[This is the first in a series looking at each of Ohio State’s key departures and how the Buckeyes will look to replace them. Up first, quarterback Justin Fields.]
Ohio State is losing quarterback Justin Fields a year early to the NFL but that was always kind of expected even back to when he transferred from Georgia to OSU after his true freshman year.
In his two seasons with the Buckeyes, Fields established himself as arguably the best quarterback in school history. He led Ohio State to two playoff appearances, was named the Big Ten’s Offensive Player of the Year in both of his seasons, and would have won the Chicago Tribune’s Silver Football Award both seasons if not for defensive end teammate Chase Young’s dominance in 2019.
A Heisman finalist in 2019, Fields threw for 5,373 yards with 63 touchdowns and nine interceptions in 22 games with the Buckeyes. He also added 867 yards and 15 touchdowns on the ground. His 63 touchdown passes are second in school history behind JT Barrett’s 104.
So not only will the Buckeyes be replacing their starting quarterback, they may be replacing the best to ever do it at Ohio State. No pressure.
The Buckeyes will enter spring camp in five weeks or so with three quarterbacks who have never thrown a pass in a collegiate game. One of the three will eventually win the starting job. Normally, this would be a major concern, but Ohio State has recruited at a high level and every time OSU head coach Ryan Day is coaching a new quarterback, that quarterback sets records.
The difference between the record-setting three of JT Barrett, Dwayne Haskins, and Justin Fields, however, is that all three of those guys had experience throwing the ball before they became the starter.
This year, the Buckeyes will rely on redshirt freshmen CJ Stroud and Jack Miller, as well as true freshman Kyle McCord. The expectation is that the job will come down to Stroud and Miller, but McCord has enrolled early to shrink any gap that the two returning quarterbacks may have built up.
While none of the three have thrown a pass yet, Miller and Stroud did get some snaps this year and both posted a rushing touchdown. Both showed more mobility than perhaps people expected. Stroud scored on a 48-yard carry this season while Miller ripped off a 21-yard run before scoring shortly after from two yards out.
Don’t be surprised if the Buckeyes head to the transfer portal for another Chris Chugunov or Gunnar Hoak if they can find one. Day said they don’t really have much room, but they will always be looking.
CJ Stroud eventually won the backup job this past season, but because of the disjointed nature of the year, he didn’t play all that much. As such, he never got to show what he could do in a game like Dwayne Haskins did in 2017 at Ann Arbor. This keeps hope alive for the other candidates that they can do something to outshine Stroud.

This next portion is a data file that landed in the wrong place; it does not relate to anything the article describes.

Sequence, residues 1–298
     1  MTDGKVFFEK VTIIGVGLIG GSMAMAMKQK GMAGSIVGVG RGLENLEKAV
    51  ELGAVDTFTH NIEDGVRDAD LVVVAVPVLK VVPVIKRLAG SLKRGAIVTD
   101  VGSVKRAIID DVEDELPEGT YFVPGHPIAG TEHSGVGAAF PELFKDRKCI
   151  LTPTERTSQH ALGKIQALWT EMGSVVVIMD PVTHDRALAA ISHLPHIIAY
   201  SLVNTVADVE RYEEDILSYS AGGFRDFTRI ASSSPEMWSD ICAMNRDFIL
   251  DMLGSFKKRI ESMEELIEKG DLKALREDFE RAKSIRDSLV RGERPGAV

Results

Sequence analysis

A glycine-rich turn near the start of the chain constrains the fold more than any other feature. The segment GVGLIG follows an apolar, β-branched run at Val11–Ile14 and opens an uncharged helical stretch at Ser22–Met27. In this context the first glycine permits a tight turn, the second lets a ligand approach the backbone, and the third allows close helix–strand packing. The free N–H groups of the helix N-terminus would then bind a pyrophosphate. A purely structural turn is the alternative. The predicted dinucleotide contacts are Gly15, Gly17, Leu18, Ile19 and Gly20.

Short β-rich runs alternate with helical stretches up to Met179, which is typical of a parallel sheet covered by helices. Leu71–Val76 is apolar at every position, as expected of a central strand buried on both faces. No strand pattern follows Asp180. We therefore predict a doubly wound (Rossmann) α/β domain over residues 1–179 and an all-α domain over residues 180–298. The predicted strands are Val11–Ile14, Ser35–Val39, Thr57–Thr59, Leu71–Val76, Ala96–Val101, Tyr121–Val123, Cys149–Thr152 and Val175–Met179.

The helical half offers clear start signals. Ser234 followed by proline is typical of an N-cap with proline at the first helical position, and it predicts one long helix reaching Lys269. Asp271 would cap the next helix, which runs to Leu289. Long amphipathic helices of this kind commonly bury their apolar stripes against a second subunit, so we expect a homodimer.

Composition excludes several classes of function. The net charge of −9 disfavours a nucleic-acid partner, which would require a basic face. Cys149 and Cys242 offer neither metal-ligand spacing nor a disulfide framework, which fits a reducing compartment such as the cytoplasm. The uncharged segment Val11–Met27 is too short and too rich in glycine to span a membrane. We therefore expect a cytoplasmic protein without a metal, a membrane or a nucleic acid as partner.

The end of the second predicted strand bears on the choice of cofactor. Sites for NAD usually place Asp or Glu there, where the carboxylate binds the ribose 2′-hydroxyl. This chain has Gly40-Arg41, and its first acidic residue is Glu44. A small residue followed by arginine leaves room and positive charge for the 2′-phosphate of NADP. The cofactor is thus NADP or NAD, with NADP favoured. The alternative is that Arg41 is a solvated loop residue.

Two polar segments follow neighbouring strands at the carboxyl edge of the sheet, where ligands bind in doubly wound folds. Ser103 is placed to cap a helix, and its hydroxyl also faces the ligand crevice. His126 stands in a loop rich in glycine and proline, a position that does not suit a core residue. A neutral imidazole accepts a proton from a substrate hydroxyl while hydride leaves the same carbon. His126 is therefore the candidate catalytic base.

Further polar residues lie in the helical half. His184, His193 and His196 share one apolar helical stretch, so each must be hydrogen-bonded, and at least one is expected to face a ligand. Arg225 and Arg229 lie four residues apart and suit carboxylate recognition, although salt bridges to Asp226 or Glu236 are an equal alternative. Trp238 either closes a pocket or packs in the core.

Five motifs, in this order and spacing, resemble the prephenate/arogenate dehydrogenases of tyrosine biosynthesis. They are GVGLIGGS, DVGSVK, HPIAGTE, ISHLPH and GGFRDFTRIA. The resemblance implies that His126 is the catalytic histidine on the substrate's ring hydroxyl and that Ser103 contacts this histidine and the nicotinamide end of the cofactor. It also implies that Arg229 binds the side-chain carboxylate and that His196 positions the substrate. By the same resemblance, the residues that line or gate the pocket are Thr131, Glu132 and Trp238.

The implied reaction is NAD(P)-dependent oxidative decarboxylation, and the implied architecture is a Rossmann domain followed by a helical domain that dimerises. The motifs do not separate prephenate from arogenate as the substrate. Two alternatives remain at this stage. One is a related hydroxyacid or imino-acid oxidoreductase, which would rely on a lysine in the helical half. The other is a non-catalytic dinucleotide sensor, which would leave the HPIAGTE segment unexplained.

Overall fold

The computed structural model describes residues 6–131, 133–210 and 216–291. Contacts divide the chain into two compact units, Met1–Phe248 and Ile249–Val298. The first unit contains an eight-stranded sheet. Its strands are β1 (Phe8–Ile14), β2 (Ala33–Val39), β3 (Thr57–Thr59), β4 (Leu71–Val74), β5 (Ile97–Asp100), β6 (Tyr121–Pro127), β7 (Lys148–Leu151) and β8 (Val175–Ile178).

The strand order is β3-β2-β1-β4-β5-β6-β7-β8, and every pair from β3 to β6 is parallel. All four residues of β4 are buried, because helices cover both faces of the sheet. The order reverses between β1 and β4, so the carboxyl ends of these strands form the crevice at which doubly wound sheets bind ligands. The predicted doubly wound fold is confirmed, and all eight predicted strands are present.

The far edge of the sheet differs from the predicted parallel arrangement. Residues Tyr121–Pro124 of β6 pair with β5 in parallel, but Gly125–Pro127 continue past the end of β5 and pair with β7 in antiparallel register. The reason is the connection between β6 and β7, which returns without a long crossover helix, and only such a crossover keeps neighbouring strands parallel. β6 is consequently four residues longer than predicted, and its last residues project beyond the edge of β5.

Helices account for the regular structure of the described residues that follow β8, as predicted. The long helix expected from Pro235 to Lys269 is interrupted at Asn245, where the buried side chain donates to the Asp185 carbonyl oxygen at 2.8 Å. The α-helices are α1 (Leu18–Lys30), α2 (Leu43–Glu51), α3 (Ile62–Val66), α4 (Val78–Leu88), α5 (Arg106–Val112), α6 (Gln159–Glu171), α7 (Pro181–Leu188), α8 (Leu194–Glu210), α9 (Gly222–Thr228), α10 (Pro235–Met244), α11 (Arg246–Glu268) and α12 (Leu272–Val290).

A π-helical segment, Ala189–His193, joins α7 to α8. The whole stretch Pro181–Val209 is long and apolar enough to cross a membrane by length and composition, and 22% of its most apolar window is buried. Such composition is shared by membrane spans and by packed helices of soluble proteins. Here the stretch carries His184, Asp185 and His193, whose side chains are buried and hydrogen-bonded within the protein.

Day said they will “roll” Stroud and Miller in and out during practice, splitting reps as evenly as possible. Could it be a 40-40-20 type of equation with McCord being the 20? This would still give the “veterans” the majority of the snaps, but McCord would still get enough to show if he needs more.
Or will it be 33-33-33 early on in the spring before the numbers start changing? Don’t expect any decisions to be made or reps to dramatically change during spring camp because the coaches aren’t going to want to do anything that would cause somebody to transfer out.
It’s not nothing that CJ Stroud was the guy coming into the game when Justin Fields would have to leave for a snap with an injury. Ryan Day said all season long that the backup job was a week-to-week thing, and maybe it was, but every time they had to turn to somebody, it just happened to be a week Stroud had won the backup job.
With an entire year under his belt, along with an actual spring camp and fall camp, Stroud is the current betting favorite to win the job. And even though he hasn’t thrown a pass yet, a year in the system is meaningful. He and Jack Miller both know the offense, which is more than half the battle.
Kyle McCord has reason for optimism, however, because they’ve each thrown as many passes in a game as you have. There is no established starter here and everybody at the QB position will have an opportunity to show that they can handle the job.
In the end, however, regardless of who earns the spot, the offensive talent around the quarterback will allow the eventual starter to put up some very big numbers — and maybe even a few more records while they’re at it.